Makroeconomics of the Open Economy 2400-EM2MGO
1. Balance of payments.
The balance of payments structure, double-entry system, basic identities of the balance of payments. Balance of payments equilibrium and the international investment position.
2. Classical model of the open economy
Investment and savings in an open economy and the current account. Impact of the economic policy and the world interest rate changes on the current account and real exchange rate. Twin deficits hypothesis and Feldstein-Horioka puzzle.
3. Intertemporal approach to current account and international capital flows.
Intertemporal consumption and production optimalization and the current account, neoclassical theory of capital flows, cost and benefits of international capital flows, Lucas paradox and global imbalances.
4. Exchange rates and foreign Exchange market
Exchange rate definitions, participants of the foreign exchange market and transactions. Basic instruments, hedging and arbitrage conditions
5. Exchange rate determination in the short run
Interest rate parities and arbitrage, money market equilibrium and exchange rates, the role of expectations and risk.
6. Exchange rate determination in the long run, part I.
Law of one price and purchasing power parity (relative and absolute), long run real equilibrium exchange rate determinants, productivity changes and Balassa-Samuelson effect
7. Exchange rate determination in the long run, part II.
Exchange rate monetary models: monetarist and Dornbusch overshooting model, the monetarist model of balance of payments and devaluation effectiveness
8. Exchange rate policy, part I.
Exchange rate regimes, sterilized and non-sterilized official interventions, interventions’ mechanisms and their effectiveness, the role of asset substitutability
9. Exchange rate policy, part II.
Credibility of exchange rate Policy, Krugman’s target zone model, currency crises models. De jure and de facto exchange rate regimes and „fear of floating” phenomenon.
10. Elasticity approach to the balance of payments – Marshall-Lerner condition.
Exchange rate changes and the current account. Marshall-Lerner condition. The “J-curve” effect. Stability of the foreign exchange market.
11. Multiplier approach to the balance of payments. External and internal equilibrium.
Keynesian approach to balance of payments. Propagation of international shocks under various exchange rate regimes. Swan diagram – external and internal equilibrium problem.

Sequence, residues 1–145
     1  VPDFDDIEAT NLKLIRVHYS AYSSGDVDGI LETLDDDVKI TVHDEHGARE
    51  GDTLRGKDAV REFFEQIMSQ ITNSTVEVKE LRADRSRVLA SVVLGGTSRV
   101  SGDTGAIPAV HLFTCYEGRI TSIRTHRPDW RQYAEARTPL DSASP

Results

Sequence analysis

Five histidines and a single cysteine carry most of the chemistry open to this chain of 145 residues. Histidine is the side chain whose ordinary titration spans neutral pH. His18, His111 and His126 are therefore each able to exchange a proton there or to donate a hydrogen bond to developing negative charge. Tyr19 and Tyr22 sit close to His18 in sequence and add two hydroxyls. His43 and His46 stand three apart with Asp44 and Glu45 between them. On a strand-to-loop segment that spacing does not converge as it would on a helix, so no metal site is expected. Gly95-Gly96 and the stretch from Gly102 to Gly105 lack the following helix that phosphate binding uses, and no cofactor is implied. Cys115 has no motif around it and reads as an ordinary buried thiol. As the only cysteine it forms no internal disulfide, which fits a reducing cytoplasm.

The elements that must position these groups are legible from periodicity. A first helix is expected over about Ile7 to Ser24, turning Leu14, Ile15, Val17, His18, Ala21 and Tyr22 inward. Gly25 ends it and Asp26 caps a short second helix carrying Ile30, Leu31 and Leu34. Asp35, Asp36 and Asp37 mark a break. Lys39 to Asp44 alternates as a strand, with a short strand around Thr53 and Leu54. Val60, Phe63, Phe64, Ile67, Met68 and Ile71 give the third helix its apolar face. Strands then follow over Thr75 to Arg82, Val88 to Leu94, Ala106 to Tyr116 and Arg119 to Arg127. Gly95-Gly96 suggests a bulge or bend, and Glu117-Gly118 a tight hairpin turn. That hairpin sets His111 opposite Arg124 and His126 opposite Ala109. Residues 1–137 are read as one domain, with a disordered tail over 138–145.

12 Macroeconomic policy in the open economy in the short run
Mundell – Fleming model and the effectiveness of the monetary and fiscal policies depending on capital mobility and exchange rate regime.
13 International monetarny system evolution.
Gold standard, Bretton Woods system and its collapse, the floating exchange rates system. The coordination of macroeconomic policies problem
14 Global capital market.
International monetary system evolution and the capital mobility changes, costs and benefits of financial markets’ internalization, risk aversion and international portfolio diversification, foreign exchange rate efficiency.
Type of course
Upon the course completion the student:
-is able to recognize:
o The structure of balance of payments
o The main macroeconomic linkages in an open economy;
o Long and short run adjustments mechanisms in an open economy
-is able to:
o forecast the impact of economic policy changes on the exchange rate;
o provide an explanation of international capital flows;
o analyze short and long run determinants of exchange rate;
o point out the conditions of economic stability
KW01, KW02, KW03, KU01, KU02, KU03, KU04
The lecture ends up with a written exam in the form of open questions. Sine qua non condition for attempting exam is to have a credit on discussions classes. The exam is passed with the score of 50% or more points available during the exam. The final grade is given upon a weighted average of the score from the exam (with weight of 70%) and the points obtained during discussions classes (with weight of 30%).
Please enlist readings inexpedient for the obtainment of the course credit, distinguishing required from suggested readings, if any are recommended (if the course ends with an exam, the indicated readings constitute the required readings for the exam).
Information on level of this course, year of study and semester when the course unit is delivered, types and amount of class hours - can be found in course structure diagrams of apropriate study programmes. This course is related to the following study programmes:
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